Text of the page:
Design Your Agency Training Program, Already!
So you’ve gotten a real understanding of the agency’s strategic and growth goals. You’ve considered the firm’s professional development goals, both for the team overall and for must-keep employees. You know the areas where clients demand performance improvement. You’re armed with a commitment of active support from the top.
And you’ve gone a step further: You’ve gained personal insights from a variety of agency leaders into desired program deliverables. You’ve gotten feedback from across the agency, and especially from agency influencers, like @anniemal (who once opened a training program on getting media attention wearing this. But that’s a tale for another day).
Now you’re ready to actually design the program.
I recommend you divide your potential course content into the following eight areas:
1) The Basics: This includes foundational skills such as Program Development, Media Relations/Pitching, and please be sure to include Writing. Even as our communications world has changed, and continues to do so at warp speed, this remains an absolutely essential skill. And if client satisfaction surveys are a reliable indicator, this is one area in which clients believe that their agencies must improve. While Understanding Social Media and Blogger Relations previously might have been listed under the “new, new,” clearly they’re now part of “The Basics.”
2) Managing The Business: This category would include courses such as Managing Programs/Accounts, Negotiating to Win, and Managing For Profit, but could also include Becoming A Better Time Manager, or even Managing Change.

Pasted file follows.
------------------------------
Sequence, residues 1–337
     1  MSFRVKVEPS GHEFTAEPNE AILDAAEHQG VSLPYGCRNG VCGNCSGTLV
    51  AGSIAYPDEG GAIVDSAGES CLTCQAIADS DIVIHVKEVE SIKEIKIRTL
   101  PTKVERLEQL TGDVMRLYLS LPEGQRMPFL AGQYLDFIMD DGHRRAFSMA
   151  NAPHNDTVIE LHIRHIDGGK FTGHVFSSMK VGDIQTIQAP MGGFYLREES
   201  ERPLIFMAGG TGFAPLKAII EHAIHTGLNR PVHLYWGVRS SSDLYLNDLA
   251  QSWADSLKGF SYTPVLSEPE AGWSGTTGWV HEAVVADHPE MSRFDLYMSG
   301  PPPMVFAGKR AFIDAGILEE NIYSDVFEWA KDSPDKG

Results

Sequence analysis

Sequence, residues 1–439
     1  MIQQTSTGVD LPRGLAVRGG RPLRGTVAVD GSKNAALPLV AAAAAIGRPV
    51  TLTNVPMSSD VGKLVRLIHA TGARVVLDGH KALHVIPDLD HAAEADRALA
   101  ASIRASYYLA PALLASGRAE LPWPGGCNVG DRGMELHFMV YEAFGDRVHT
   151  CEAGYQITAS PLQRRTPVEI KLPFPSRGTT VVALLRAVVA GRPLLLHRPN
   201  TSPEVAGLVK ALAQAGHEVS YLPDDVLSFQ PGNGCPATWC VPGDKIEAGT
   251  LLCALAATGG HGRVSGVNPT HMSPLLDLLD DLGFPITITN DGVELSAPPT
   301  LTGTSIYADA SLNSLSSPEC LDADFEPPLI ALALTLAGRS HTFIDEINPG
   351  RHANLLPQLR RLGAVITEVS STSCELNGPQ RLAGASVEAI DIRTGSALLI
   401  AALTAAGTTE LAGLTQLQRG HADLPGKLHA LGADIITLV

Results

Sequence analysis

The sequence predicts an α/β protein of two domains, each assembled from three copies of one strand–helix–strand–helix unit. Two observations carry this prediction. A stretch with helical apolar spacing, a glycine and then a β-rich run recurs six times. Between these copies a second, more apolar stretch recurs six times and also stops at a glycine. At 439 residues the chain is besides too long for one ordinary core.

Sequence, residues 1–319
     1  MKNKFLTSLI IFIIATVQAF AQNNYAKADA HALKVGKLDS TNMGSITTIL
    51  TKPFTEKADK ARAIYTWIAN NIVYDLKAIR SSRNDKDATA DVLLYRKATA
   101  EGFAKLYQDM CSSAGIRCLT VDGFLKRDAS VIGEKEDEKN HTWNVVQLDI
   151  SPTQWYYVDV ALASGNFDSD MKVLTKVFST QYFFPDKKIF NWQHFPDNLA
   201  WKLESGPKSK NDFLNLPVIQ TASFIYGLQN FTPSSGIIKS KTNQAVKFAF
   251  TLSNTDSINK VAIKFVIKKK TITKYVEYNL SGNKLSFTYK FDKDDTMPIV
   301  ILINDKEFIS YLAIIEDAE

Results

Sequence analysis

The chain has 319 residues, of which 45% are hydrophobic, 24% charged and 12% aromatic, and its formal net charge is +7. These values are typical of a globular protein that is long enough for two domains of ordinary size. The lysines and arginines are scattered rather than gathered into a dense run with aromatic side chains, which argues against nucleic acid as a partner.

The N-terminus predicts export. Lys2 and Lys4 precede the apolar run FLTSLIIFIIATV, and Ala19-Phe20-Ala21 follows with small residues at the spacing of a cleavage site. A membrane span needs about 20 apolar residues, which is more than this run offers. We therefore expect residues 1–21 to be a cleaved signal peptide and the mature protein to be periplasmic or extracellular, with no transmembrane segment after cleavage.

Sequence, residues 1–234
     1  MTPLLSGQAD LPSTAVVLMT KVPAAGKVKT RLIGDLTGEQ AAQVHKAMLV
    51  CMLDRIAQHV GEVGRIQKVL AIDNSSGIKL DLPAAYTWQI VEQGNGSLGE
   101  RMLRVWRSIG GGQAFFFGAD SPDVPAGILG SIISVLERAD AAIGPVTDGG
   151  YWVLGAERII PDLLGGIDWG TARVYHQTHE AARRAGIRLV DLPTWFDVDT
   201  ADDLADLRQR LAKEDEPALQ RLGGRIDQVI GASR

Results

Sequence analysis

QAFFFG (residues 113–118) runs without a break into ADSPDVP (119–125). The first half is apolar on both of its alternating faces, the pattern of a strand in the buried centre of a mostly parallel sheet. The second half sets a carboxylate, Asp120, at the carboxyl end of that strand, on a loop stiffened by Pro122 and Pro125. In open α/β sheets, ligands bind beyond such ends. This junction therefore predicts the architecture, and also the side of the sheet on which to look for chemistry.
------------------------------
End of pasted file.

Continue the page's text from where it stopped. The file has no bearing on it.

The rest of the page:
3) Leading/Managing People: Courses here might include how to Lead and Inspire Your Team, From Manager to Leader, Managing Millennials, Teaching vs. Coaching, and Managing Up.
4) Client Service: This should include workshops that help your teams shift from being mere communications professionals to becoming expert in providing client service like a Ritz Carlton concierge, as well as specific programs on Dealing With Difficult Clients.
5) Communications: Although we guide our clients’ communications efforts, we can often improve in this critical area ourselves. Consider programs on Constructive Confrontation (Having Difficult Conversations), Understanding and Maximizing Your Communications Style, and Communicating To Be Heard.
6) The New, New: Depending on your agency’s depth and experience in these areas, this might include Mobile Marketing, Mastering Search Engine Optimization, and Understanding and Leveraging Google+.
7) Personal Growth: Since PR is the second-most stressful profession, I believe it’s in an agency’s best interest to offer programs that help employees reduce it. In addition, courses that help them achieve work-life balance, and increase their physical and mental fitness, can increase employee performance, motivation and retention.
8) Specific Courses Built Around Your Agency’s Expertise, Clients’ Industries: This can cover a wide swath, from the newest changes in the regulatory environment, to limits on the use of social media for certain industry categories, to trends in green energy.
You may not have enough programming to offer all eight areas. You may choose to merge the communications and leadership areas. And some will see another category or other that I may have missed.
Regardless of how you organize the courses, doing so will help improve your training program design.
In future related posts, I’ll cover additional benefits from training, and other steps you can take to assure your program’s success.
What else do you do to design an effective agency training program?